By BJ Bjornson
Today�s recommended reading is this Forbes.com article from Steve Denning reviewing Roger L. Martin�s book, Fixing the Game, which notes that a lot of capitalism�s present problems come from incentives and laws that divert resources and talent away from the real market of producing goods and services for customers and making real profits and instead focus on the expectations market of the stock prices and �maximizing shareholder value� in the immediate short term. An analogy as excerpt:
�Imagine an NFL coach,� writes Roger Martin, Dean of the Rotman School of Management at the University of Toronto, in his important new book, Fixing the Game, �holding a press conference on Wednesday to announce that he predicts a win by 9 points on Sunday, and that bettors should recognize that the current spread of 6 points is too low. Or picture the team�s quarterback standing up in the postgame press conference and apologizing for having only won by 3 points when the final betting spread was 9 points in his team�s favor. While it�s laughable to imagine coaches or quarterbacks doing so, CEOs are expected to do both of these things.�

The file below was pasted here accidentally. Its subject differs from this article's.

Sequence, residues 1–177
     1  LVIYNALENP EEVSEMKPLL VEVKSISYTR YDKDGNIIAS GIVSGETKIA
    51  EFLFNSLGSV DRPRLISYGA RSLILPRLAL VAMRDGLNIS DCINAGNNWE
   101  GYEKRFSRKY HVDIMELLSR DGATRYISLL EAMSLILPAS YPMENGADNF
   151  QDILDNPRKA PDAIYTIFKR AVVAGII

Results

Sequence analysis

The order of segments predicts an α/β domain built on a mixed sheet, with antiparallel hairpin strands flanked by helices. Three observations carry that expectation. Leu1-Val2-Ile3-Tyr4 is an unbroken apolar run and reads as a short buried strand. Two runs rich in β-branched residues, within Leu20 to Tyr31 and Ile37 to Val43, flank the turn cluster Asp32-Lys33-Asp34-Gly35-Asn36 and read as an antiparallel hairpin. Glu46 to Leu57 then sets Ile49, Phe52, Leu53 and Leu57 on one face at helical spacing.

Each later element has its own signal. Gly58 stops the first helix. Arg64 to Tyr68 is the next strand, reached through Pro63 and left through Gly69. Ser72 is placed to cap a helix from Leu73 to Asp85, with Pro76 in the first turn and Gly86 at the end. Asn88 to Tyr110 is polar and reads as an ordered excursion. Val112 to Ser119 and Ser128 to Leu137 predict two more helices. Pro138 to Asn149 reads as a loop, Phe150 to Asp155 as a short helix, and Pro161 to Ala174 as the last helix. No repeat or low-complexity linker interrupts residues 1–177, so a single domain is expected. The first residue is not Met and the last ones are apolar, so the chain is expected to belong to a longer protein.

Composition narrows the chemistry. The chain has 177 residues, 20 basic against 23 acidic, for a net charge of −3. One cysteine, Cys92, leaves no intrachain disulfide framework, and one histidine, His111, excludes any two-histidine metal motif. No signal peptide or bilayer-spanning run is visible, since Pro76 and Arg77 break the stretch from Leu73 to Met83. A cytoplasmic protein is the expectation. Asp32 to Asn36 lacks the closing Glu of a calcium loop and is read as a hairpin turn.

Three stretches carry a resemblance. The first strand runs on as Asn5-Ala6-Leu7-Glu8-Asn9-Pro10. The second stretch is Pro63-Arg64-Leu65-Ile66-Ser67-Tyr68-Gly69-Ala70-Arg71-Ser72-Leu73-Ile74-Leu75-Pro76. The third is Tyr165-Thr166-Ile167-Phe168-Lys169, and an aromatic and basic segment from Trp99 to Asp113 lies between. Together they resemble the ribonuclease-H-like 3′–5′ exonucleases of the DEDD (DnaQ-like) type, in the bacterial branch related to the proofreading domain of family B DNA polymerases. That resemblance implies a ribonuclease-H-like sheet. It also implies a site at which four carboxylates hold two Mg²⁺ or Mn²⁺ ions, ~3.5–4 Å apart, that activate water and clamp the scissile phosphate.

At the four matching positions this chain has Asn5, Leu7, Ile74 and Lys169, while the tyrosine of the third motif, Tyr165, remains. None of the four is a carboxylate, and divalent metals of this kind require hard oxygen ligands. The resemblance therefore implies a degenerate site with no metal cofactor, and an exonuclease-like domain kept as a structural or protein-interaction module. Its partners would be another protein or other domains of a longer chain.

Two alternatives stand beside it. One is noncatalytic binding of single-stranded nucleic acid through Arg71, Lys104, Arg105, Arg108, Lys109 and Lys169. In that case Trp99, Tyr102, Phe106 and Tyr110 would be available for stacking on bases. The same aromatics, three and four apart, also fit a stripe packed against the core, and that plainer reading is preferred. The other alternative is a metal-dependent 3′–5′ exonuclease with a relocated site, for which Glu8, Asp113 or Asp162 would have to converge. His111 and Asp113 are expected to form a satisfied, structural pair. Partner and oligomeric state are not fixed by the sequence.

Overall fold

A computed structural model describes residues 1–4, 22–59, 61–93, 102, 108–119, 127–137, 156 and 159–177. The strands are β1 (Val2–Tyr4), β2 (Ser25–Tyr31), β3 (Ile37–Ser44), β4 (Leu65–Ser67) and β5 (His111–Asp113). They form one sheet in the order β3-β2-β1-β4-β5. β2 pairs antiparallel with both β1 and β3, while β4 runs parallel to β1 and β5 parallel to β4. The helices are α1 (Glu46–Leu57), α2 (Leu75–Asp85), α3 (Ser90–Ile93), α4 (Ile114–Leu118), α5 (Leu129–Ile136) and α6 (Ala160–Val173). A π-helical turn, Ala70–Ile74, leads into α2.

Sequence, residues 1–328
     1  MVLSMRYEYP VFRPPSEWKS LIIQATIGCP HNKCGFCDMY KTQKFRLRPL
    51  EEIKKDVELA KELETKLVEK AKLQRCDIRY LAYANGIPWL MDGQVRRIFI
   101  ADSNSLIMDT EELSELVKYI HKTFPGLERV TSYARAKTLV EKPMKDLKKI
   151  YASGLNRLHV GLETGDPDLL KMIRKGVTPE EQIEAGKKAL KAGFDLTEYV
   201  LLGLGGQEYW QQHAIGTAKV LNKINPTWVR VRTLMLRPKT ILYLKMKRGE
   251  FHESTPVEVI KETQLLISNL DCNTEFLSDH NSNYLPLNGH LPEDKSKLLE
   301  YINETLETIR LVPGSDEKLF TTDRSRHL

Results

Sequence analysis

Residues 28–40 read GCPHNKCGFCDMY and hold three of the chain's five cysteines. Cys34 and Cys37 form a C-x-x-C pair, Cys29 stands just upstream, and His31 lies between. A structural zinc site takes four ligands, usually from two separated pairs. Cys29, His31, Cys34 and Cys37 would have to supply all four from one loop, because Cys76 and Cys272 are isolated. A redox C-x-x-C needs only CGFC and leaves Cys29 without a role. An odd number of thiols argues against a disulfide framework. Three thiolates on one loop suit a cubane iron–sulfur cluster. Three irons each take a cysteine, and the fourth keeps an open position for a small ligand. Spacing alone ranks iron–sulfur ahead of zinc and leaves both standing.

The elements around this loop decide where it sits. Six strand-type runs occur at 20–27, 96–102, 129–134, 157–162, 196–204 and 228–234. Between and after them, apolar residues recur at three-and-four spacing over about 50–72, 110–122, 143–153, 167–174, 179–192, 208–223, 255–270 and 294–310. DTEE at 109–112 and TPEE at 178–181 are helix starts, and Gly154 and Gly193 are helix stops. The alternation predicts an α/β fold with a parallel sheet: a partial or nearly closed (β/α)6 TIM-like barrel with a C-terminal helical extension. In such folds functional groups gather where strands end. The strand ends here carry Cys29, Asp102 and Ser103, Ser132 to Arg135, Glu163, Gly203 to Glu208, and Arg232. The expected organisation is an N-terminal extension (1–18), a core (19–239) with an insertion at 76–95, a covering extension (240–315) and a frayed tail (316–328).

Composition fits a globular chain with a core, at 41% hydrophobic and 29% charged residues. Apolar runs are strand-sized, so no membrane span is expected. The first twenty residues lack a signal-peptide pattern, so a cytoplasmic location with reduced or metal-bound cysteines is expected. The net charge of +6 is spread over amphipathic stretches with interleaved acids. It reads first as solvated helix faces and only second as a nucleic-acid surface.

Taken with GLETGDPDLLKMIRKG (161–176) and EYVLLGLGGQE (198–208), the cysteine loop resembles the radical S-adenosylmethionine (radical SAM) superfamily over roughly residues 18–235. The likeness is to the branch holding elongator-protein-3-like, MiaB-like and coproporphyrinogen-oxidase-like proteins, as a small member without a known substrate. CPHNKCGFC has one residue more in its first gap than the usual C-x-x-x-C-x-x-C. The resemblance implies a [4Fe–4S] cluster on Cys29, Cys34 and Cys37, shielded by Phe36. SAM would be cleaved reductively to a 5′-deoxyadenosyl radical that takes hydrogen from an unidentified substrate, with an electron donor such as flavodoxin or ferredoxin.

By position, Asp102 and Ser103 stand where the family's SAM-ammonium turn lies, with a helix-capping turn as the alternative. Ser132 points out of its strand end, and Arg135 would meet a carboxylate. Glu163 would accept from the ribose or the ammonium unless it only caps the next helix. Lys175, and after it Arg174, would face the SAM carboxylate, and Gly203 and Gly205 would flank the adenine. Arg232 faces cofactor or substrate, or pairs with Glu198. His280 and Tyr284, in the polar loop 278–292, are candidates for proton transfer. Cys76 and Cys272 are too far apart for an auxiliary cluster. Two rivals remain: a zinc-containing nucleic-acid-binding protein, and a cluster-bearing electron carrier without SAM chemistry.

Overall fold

Imagine also, to extrapolate Martin�s analogy, that the coach and his top assistants were hugely compensated, not on whether they won games, but rather by whether they covered the point spread. If they beat the point spread, they would receive massive bonuses. But if they missed covering the point spread a couple of times, the salary cap of the team could be cut and key players would have to be released, regardless of whether the team won or lost its games.
There is more at the link, and while the article nor the book covers every problem our economy faces, the one it does cover is a biggie, and one that needs to be dealt with, sooner better than later.